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Greenpeace brings Delhi govt's attention to mitigating impact of heatwaves

"Considering the devastating impacts faced by more than half of Delhi's population during the 2022 heatwaves, we emphasised urgent need for the Delhi govt to release and implement a heat action plan"

heatwave in India

Press Trust of India New Delhi
Greenpeace India on Friday wrote to Delhi Chief Minister Arvind Kejriwal over the lack of action and urgency in mitigating the impact of extreme heat episodes on vulnerable people in the national capital.
Greenpeace India members also staged a demonstration at the Delhi Secretariat, demanding that the city government implement a comprehensive heat action plan (HAP) by June-end.
The letter to the chief minister said despite the Union health ministry's warning about the significant health and socio-economic impact of heatwaves, the city government has displayed indifference towards this issue.
HAPs are the primary policy response to economically damaging and life-threatening heatwaves. They prescribe a number of activities, disaster responses and post-heatwave response measures to decrease the impact of heatwaves.
Considering the devastating impacts faced by more than half of Delhi's population during the 2022 heatwaves, we emphasised the urgent need for the Delhi government to release and implement a heat action plan. We also presented a comprehensive set of demands to tackle the crisis effectively, Avinash Kumar Chanchal, campaign manager, Greenpeace India said.
These demands include releasing the HAP draft for public consultation by the end of June, incorporating scientific climate projections based on hyperlocal data, tailoring adaptation and mitigation measures to different vulnerable groups, establishing early warning systems, identifying and supporting the most vulnerable populations, ensuring policy integration across relevant departments, establishing a centralised funding mechanism, making HAPs legally binding, providing urgent healthcare for heatstroke-affected individuals, and incorporating nature-based cooling systems and green spaces in the plan.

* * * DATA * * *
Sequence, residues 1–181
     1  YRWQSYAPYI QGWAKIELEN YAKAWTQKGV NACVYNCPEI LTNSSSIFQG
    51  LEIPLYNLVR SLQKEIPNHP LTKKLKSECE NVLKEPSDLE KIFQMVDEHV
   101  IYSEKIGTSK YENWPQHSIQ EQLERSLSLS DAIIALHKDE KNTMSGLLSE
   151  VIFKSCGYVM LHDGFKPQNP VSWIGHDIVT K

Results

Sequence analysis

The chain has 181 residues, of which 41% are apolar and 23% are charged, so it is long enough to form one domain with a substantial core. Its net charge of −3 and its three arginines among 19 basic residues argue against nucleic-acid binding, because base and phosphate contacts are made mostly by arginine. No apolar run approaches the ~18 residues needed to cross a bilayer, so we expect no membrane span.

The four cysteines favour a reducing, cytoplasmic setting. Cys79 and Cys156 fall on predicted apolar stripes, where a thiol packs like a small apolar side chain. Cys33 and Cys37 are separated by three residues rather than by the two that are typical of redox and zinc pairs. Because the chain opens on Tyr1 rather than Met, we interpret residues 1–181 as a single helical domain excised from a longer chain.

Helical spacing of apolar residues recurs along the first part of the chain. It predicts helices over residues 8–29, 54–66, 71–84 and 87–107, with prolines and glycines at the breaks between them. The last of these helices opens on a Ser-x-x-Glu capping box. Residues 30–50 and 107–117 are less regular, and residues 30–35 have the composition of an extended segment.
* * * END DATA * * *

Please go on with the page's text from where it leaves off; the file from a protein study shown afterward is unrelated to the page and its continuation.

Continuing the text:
Greenpeace India also urged the AAP government to prioritise these demands and take immediate action to prevent human and economic casualties, considering the predictions of even more extreme summers with the impending impacts of El Nino.
El Nino, which is the warming of the waters in the Pacific Ocean near South America, is generally associated with weakening of monsoon winds and dry weather in India.
A report by the India Meteorological Department (IMD) in May said most parts of India would see an increase in the duration of heatwaves by 12-18 days by 2060.
Heatwaves claimed more than 17,000 lives in 50 years in India, according to a paper authored by M Rajeevan, former secretary of the Ministry of Earth Sciences, along with scientists Kamaljit Ray, S S Ray, R K Giri and A P Dimri.
The paper published in 2021 said India reported 706 heatwave incidents from 1971-2019.
The Fifth Assessment Report of the Intergovernmental Panel on Climate Change highlighted that the rising mortality rate due to heatwaves is a major climate risk for South Asian countries.
A moderate increase in average temperatures or a slight increase in the duration of heatwaves can lead to a significant increase in the mortality rate in India unless remedial and response measures are taken, the report stated.
However, heatwaves are yet to be officially recognised as a natural disaster at the national level in India. In addition to the immense impact on human health, extreme periods of high temperatures can lead to a significant reduction in crop yields and cause reproductive failure in many crops, as shown by research.

(Only the headline and picture of this report may have been reworked by the Business Standard staff; the rest of the content is auto-generated from a syndicated feed.)

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First Published: Jun 24 2023 | 7:04 AM IST

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